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The novel is historical fiction, though Lindsay dropped hints that it was based on an actual event, and is framed as such in the novel's introduction. An ending that explained the girls' fates, in draft form, was excised by her publisher prior to publication. The final chapter was published only in 1987 as a standalone book titled ''The Secret of Hanging Rock'', and also included critical commentary and interpretive theories on the novel. Lindsay based Appleyard College, the setting for the novel, on the school that she had attended, Clyde Girls Grammar School (Clyde School), at East St Kilda, Melbourne—which in 1919 was transferred to Woodend, Victoria, in the immediate vicinity of Hanging Rock. In a 1974 interview, Lindsay addressed readers' and critics' questioning about the novel's ambiguous conclusion, saying:
Well, it was written as a mystery and it remains a mystery. If you can draw your own conclusions, that's fine, but I don't think that it matters. I wrote that book as a sort of atmosphere of a place, and it was like dropping a stone into the water. I felt that story, if you call it a story—that the thing that happened on St. Valentine's Day went on spreading, out and out and out, in circles.
The novel's ambiguous conclusion led to significant interest from both public and critical readers, and the novel has drawn comparisons from literary critics to the work of E.M. Forster and Nathaniel Hawthorne. It was made into a 1975 Picnic at Hanging Rock (film), feature film by producers Patricia Lovell, Hal and Jim McElroy, and director Peter Weir, which was hailed as initiating the Australian New Wave, revival of Australian cinema. A re-printing of the novel in 1975 by Penguin Books in Australia sold over 350,000 copies, making it Penguin Australia's best-selling novel to date (second, overall, only to Albert Facey's autobiography, ''A Fortunate Life'').


Later life and death

In 1969, Lindsay suffered severe injuries in a car accident and she required months of convalescence. Daryl Lindsay died on Christmas Day 1976. Lady Lindsay's later years were spent invested in visual arts, with frequent visits to the Lyceum Club (Australia), Lyceum Club in Melbourne, and to the McLellan Galleries, McClelland Gallery in Langwarrin, where she was involved in the local art community. She painted several works in her later years, and she was lauded by the art critic, Alan McLeod McCulloch, Alan McCulloch. In 1972, she reunited with Maie Casey, Baroness Casey, Lady Maie Casey and held an art exhibition at the McLelland in Langwarrin. Artist Rick Amor and his children, who had lived in a cottage of Lindsay's property, led her to resurrect an unpublished children's book she had written, titled ''Syd Sixpence'', which she published in 1982. Amor supplied illustrations for the book, which tells the story of Syd, an anthropomorphic Sixpence (Australian), sixpence coin's adventures on the ocean floor. Lindsay also worked on another novel, entitled ''Love at the Billabong'', which was left unfinished. Lindsay died of stomach cancer at Peninsula Private Hospital in Frankston, Victoria, Frankston, Melbourne on 23 December 1984. She was cremated, and her ashes are interred at Creswick Cemetery in Creswick, Shire of Hepburn in Victoria, Australia. Because the Lindsays had no children, their Mulberry Hill home in Langwarrin South, Victoria was donated at her wishes to the National Trust upon her death. The Mulberry Hill estate is open to the public for self-guided tours, and contains both Joan and Daryl Lindsay's original artwork and personal possessions. Lindsay's visual artwork has been exhibited posthumously as part of the National Women's Art Exhibition in Australia.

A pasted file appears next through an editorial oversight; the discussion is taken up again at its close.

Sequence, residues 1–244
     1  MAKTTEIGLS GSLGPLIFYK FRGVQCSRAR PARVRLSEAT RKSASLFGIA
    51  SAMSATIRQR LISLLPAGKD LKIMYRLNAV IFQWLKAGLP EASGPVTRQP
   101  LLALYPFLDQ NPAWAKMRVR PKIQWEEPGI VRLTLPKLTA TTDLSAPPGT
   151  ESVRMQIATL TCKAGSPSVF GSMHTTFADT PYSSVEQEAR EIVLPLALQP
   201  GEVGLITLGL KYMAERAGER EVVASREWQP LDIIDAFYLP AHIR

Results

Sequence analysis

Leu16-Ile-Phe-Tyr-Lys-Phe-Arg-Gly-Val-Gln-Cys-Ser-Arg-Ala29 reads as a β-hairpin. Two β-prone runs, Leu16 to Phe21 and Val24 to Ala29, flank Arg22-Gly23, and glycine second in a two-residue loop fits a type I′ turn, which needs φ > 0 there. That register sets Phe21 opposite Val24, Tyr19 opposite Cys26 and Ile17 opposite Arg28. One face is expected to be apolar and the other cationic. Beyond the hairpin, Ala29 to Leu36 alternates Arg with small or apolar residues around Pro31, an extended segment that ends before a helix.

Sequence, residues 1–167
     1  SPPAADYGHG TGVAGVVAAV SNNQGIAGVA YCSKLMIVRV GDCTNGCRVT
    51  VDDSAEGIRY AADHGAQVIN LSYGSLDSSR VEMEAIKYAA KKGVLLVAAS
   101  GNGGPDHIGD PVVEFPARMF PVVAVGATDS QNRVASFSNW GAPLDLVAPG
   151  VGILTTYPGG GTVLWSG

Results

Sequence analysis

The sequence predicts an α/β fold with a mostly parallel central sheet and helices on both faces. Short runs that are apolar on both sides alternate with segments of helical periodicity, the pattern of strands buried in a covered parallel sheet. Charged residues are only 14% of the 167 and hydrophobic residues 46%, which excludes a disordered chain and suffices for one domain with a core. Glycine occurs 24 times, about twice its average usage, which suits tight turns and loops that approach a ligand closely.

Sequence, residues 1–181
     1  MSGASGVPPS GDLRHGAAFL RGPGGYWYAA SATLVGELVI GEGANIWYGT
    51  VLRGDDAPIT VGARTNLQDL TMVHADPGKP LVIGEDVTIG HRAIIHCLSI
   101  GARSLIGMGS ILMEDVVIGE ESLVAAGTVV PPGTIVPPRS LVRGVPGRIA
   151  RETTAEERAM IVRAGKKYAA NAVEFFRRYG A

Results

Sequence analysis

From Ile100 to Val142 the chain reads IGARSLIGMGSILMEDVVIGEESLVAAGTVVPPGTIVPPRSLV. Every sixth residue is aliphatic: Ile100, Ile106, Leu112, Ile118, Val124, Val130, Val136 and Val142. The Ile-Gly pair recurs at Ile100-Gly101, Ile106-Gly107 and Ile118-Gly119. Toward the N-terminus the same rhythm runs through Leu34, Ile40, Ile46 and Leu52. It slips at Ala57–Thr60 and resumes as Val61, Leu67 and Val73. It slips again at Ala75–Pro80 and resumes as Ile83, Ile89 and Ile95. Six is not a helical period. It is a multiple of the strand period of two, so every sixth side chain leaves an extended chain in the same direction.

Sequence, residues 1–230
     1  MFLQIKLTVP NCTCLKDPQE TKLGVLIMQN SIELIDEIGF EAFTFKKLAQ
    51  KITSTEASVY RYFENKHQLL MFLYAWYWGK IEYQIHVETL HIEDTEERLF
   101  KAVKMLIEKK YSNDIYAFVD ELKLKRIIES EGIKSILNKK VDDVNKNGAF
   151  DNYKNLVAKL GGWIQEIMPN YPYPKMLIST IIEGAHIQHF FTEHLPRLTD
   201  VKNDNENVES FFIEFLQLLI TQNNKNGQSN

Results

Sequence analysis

Bibliography

Bibliography adapted from the State Library Victoria archive.


Books

* ''Through Darkest Pondelayo'' (1936) * ''Time Without Clocks'' (1962) * ''Facts Soft and Hard'' (1964) * ''Picnic at Hanging Rock (novel), Picnic at Hanging Rock'' (1967) * ''The Secret of Hanging Rock'' (excised final chapter to ''Picnic at Hanging Rock'', published posthumously in 1987) * ''Syd Sixpence'' (1982)


Short stories

*''Holiday'' (1923) *''Yellow Roses'' (1924) *''The Awakening'' (1924) *''Good with Cats'' (1980)


Journal contributions


Unpublished works

Plays *''Wolf!'' (1930) *''Spring Tangle'' () *''Cataract'' (1940) *''My Kingdom for a Chocolate Blancmange! A tragedy in fifty thousand acts. With apologies to William Shakespeare, Thornton Wilder and some very fine artists'' (1948) *''Floreat Anglesea'' (1950) *''This Modern Art'' (1951) Novels and memoirs *''Love at the Billabong'' (1978); novel, unfinished *''Alma Road'' (1979); autobiography, unfinished *''Love and Information'' (1982); novella


See also

*Tasmanian Gothic *Hanging Rock, Victoria


References


Sources

* * * * * *


External links


Joan Lindsay profile
Australian Dictionary of National Biography
Lady Joan Lindsay profile
''Design & Art Australia Online''

Brighton General Cemetery website {{DEFAULTSORT:Lindsay, Joan 1896 births 1984 deaths 20th-century Australian novelists Australian women novelists Australian women painters Australian essayists Australian poets Deaths from cancer in Victoria (Australia) Deaths from stomach cancer Writers from Melbourne 20th-century Australian women writers 20th-century essayists